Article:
Addiction is defined as an urge to do something, such as an activity or a drug, repeatedly, without taking care of the consequences.
For example, a a cocaine addict may still continue to abuse the narcotic even after having been caught purchasing coke in an infamous part of town. Or cigarette user might continue to use tobacco products even after having been diagnosed with cancer of emphysema.
Addiction can arise in two ways - as a physical effect or through the mind.
Often with a physical addiction, the addict will undergo physical withdrawal effects after the person attempts to quit the drug in question. This is very common with opiates, like heroin or narcotic pain medications. Still other substances that can lead to physical repercussions on withdrawal are alcohol, barbiturates (several outdated classes of sleeping medications), nicotine products and benzodiazepines (Xanax, Valium, Ativan, BuSpar, Halcion, Anafranil, etc.) In some cases, the withdrawal effects will lead to severe seizures, such as in the case with benzos. People who have a physical dependency on an addictive substance will often take the substance, not to derive satisfaction after a certain point, but more so to subdue withdrawal effects. Physical dependency is occasionally described as as physiological tolerance.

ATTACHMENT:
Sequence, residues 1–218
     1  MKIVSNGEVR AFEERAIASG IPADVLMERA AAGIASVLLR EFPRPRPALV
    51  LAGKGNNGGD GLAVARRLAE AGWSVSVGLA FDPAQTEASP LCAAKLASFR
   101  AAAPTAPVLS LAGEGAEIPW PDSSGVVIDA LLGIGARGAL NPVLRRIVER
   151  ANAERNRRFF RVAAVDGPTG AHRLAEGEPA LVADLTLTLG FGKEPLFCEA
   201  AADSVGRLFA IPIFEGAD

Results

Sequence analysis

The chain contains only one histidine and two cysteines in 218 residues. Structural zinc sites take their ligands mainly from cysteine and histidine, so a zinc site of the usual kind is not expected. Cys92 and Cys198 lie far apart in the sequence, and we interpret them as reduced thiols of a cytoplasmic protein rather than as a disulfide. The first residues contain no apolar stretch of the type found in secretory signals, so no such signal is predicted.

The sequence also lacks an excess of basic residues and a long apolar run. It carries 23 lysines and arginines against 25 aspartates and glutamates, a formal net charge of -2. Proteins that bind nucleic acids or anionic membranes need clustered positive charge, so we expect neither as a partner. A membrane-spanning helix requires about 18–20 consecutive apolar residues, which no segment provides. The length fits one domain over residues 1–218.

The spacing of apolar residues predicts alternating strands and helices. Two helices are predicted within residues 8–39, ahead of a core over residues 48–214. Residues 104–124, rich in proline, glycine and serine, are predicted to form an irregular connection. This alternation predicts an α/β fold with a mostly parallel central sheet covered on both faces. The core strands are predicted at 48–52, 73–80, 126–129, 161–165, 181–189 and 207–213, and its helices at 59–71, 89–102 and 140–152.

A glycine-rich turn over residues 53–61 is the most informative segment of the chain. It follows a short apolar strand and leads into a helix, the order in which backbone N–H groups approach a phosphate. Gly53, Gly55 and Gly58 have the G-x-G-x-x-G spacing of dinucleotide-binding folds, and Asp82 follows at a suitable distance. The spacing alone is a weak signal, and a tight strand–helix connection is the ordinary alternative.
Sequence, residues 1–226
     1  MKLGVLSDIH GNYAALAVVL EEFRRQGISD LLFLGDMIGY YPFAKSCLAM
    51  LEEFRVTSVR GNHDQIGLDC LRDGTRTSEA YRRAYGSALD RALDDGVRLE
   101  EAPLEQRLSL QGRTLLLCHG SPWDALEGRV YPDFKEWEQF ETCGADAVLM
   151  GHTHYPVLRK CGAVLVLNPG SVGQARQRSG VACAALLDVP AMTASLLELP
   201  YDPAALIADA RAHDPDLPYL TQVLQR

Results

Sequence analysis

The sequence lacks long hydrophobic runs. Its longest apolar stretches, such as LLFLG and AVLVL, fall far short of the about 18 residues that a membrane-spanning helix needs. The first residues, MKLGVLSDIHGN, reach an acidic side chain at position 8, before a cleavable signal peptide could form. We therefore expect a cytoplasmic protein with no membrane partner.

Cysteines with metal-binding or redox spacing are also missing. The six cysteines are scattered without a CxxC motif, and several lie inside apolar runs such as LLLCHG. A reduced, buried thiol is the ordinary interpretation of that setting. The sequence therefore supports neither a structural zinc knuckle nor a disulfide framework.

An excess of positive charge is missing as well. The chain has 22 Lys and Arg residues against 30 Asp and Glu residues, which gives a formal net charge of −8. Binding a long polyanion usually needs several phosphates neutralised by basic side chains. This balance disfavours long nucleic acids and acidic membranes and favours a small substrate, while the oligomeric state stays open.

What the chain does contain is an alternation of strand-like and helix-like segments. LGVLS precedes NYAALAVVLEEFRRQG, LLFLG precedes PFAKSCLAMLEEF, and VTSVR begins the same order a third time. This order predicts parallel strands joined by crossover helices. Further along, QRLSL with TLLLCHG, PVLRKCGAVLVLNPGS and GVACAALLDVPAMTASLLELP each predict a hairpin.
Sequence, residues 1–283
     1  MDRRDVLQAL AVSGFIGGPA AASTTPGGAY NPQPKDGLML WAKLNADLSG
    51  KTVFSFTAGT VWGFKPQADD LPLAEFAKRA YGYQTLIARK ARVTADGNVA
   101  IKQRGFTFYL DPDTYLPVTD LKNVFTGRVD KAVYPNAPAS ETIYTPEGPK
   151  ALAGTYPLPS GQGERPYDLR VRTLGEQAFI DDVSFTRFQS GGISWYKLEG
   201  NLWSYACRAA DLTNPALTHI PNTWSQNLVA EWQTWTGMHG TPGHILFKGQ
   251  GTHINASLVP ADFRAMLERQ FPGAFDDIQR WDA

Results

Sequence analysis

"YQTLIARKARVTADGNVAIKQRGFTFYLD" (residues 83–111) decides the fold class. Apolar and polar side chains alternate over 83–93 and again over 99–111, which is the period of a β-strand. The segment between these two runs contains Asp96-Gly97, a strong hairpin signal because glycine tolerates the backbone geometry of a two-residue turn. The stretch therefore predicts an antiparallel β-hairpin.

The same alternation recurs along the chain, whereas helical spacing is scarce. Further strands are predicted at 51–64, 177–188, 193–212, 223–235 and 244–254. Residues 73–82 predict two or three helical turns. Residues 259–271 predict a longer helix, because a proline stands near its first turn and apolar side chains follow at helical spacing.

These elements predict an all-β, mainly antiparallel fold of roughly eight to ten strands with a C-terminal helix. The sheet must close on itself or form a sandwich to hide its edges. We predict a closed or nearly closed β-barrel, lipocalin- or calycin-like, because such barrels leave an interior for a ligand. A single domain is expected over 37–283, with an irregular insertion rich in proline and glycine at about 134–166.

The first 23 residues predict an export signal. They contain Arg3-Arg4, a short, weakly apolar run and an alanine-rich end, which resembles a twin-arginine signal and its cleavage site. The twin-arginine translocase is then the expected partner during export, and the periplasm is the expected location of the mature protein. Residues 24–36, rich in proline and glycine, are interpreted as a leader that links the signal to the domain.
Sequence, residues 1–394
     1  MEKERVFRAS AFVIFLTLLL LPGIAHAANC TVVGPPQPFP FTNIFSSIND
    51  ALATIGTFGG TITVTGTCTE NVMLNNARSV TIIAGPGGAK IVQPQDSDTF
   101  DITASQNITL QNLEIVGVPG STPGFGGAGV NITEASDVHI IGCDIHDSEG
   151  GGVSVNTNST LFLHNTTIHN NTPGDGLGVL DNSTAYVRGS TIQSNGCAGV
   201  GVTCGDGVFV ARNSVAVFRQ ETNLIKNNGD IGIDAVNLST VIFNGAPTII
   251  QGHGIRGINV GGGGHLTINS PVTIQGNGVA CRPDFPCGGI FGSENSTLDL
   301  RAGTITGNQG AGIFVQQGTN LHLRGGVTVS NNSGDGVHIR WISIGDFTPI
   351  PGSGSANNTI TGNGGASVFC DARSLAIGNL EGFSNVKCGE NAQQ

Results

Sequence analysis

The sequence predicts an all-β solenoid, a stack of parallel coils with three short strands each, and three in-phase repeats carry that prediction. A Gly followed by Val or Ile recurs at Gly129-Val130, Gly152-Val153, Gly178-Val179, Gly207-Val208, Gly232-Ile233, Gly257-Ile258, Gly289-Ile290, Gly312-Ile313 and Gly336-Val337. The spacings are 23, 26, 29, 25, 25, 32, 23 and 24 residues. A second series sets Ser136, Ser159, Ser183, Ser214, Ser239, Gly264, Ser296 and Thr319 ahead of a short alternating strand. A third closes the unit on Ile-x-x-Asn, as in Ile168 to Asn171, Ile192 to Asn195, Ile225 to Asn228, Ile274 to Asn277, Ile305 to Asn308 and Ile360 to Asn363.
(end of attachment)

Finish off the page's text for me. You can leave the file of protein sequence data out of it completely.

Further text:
Psychological addiction affects addicts differently in that a drug user will use a drug more for the satisfaction that the user first extracts from it more than any other aspect of the drug’s effects. The substance in use will normally affect the the user’s brain function and expel pleasure increasing chemicals that result in the further use of the drug. This results in a continuous process that the user considers extremely complicated to end.